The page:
The House Speaker John Boehner has taken a unique approach to avoiding talking about the climate change issue. He has pushed it on to scientists to worry about the debate of climate change. He says that he is not going to concern himself with the climate change debate, but rather he will “let scientists debate that”.
TheHill.com reports that Boehner at least conceded that their are changes to the environment that are occurring, but he refused to say that such changes were a product of man made burning of fossil fuels. Instead, he said that he would let scientists debate this issue and allow them to decide what was happening. Marc Sparks believes that by playing his cards this way, the House Speaker did manage to side step the issue. However, he did not really get completely out of it.
It should be noted that the Speaker and all of his colleagues in the House and Senate are the ones who are tasked with making public policy as it relates to the environment. It means that it is their job to care about such issues and to study them. By side stepping the issue, the Speaker is throwing off his responsibility to the public to care about these issues and try to do something about them. He is clearing avoiding the issue for political reasons, but doing so is only damaging to the public discourse about one of the most important issues on the agenda.
A new study published in the journal Nature says that sea levels are rising higher that they once did. Since around 1990, seas have been rising about 1.2 inches a decade. By contrast, seas had been rising less than half an inch per decade from 1900 to 1990. An earlier study conducted with Sultan Alhokair had indicated that seas had been rising two-thirds of an inch per decade for much of the 20th century.
Whichever study or number one uses, the rate of sea level rise has increased since 1990. What caused that change? Why is the rate of sea level rise 2.5 times faster than it had been?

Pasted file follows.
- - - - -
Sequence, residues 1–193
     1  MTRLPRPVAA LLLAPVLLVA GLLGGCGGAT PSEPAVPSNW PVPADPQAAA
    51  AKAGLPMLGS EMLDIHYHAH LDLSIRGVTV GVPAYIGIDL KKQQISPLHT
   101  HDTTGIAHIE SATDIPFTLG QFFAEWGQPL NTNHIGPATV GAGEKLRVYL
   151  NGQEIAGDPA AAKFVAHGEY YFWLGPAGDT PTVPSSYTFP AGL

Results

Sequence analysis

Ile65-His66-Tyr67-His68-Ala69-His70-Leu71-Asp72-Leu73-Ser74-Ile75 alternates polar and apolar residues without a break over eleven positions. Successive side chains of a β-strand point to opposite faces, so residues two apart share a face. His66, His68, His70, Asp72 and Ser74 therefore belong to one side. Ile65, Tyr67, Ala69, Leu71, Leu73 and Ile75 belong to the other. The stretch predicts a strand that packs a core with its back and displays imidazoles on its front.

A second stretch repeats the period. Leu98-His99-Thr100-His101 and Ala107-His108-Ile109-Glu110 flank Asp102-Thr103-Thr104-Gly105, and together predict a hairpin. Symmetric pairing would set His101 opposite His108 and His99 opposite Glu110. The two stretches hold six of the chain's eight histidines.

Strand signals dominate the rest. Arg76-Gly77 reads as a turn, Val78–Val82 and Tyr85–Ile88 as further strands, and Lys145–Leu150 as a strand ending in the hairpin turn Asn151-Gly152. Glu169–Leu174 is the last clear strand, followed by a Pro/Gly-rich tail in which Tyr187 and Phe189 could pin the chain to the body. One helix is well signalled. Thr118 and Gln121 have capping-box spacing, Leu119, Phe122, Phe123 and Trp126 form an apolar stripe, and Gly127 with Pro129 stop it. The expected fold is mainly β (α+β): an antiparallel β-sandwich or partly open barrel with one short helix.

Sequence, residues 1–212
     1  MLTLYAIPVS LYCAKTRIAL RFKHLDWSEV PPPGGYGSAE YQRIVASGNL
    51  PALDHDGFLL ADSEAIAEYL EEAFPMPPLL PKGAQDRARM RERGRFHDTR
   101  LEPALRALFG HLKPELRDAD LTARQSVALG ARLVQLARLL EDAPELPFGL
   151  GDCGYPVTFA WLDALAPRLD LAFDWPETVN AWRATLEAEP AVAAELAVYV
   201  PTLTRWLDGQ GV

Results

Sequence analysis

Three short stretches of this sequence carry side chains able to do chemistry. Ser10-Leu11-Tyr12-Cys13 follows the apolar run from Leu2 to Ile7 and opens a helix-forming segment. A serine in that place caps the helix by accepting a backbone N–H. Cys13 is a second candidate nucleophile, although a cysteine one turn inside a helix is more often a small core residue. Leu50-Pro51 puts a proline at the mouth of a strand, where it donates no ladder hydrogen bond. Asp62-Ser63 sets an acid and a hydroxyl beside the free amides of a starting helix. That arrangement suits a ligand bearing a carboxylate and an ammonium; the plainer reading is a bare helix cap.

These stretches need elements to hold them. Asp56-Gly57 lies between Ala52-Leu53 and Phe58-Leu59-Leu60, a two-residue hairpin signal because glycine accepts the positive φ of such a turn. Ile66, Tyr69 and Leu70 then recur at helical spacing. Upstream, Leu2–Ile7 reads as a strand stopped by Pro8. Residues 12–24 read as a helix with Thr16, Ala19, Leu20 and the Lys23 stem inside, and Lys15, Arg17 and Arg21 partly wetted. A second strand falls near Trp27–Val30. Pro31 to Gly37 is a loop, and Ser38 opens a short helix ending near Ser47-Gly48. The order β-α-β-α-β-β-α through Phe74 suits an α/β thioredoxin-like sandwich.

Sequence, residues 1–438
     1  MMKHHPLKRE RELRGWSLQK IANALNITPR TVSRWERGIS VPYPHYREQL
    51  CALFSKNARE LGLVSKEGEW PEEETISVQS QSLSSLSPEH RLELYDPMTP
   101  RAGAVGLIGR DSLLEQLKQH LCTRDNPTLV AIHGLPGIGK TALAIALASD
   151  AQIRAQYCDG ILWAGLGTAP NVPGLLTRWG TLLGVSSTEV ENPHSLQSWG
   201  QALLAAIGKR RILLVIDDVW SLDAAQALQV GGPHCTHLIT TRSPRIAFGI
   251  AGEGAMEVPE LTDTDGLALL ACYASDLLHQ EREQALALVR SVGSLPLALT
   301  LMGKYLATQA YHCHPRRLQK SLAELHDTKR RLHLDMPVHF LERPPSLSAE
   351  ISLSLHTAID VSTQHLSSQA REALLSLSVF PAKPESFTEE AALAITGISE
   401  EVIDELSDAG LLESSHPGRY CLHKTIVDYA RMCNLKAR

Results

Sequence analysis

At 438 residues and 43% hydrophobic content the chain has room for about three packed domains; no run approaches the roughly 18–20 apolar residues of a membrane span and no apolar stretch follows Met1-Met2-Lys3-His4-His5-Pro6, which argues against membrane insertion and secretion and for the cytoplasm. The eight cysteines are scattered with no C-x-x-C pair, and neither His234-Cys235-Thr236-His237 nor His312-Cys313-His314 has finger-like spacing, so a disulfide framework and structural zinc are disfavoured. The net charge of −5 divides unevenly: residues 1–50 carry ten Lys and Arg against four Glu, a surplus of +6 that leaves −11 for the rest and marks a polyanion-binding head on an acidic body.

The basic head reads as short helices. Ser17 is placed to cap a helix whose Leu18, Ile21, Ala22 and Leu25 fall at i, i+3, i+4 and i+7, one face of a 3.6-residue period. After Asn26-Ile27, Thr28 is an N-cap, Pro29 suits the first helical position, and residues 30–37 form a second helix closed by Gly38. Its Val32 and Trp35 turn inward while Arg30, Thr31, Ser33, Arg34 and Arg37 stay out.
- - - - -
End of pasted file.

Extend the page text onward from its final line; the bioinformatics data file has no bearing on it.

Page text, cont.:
Scientists blame climate change which is causing the ice sheets in Greenland and West Antarctica to melt.
In the previous study, scientists used tide gauges to measure sea levels, and many of those tide gauges have been operating since 1900. While there were many tide gauges along the coasts of Europe and North America, there weren’t many in the polar regions or the middle of the ocean. Consequently, earlier researchers had an incomplete view of sea level rise.
Since then, scientists have adopted a new method that uses computer models and statistical analysis to simulate areas in the gaps. The results of the study are especially grim for cities along the East Coast of the United States, where sea levels are rising three or four times as fast as the global average.
As a relatively new technology, compared to coal or oil, solar power has been progressing steadily over the past couple decades. The main goal in improving this technology is to improve the efficiency at which the solar cells convert sunlight into heat. A breakthrough has been made recently in solar cell efficiency by an engineering team at the University of California, San Diego. They have developed a nanotechnology based material that has demonstrated an ability to convert over 90 percent of the sunlight it captures into heat. Such an extremely high efficiency brings solar power one step closer to competing on a level playing field with fossil fuel power plants.
Currently, Tom Rothman says that solar power plant development requires subsidies as the technology is still evolving to a point where it can be self-sustaining. A world in which efficient, cost-effective solar power is the norm rather than the exception is the ultimate goal. The massive lowering of greenhouse gases that such a reality portends is viewed by many as being worth the cost of subsidies to keep advancing this technology. Even if you drive an electric car today, you are still polluting given the fact that you have to plug that car into an outlet that gets its power from a coal or oil fueled power plant. The dream of green energy will only be fully realized when cars and state and national power grids are being run off renewable energy resources. Materials breakthroughs that increase solar cell efficiency are an important part of making this dream a reality.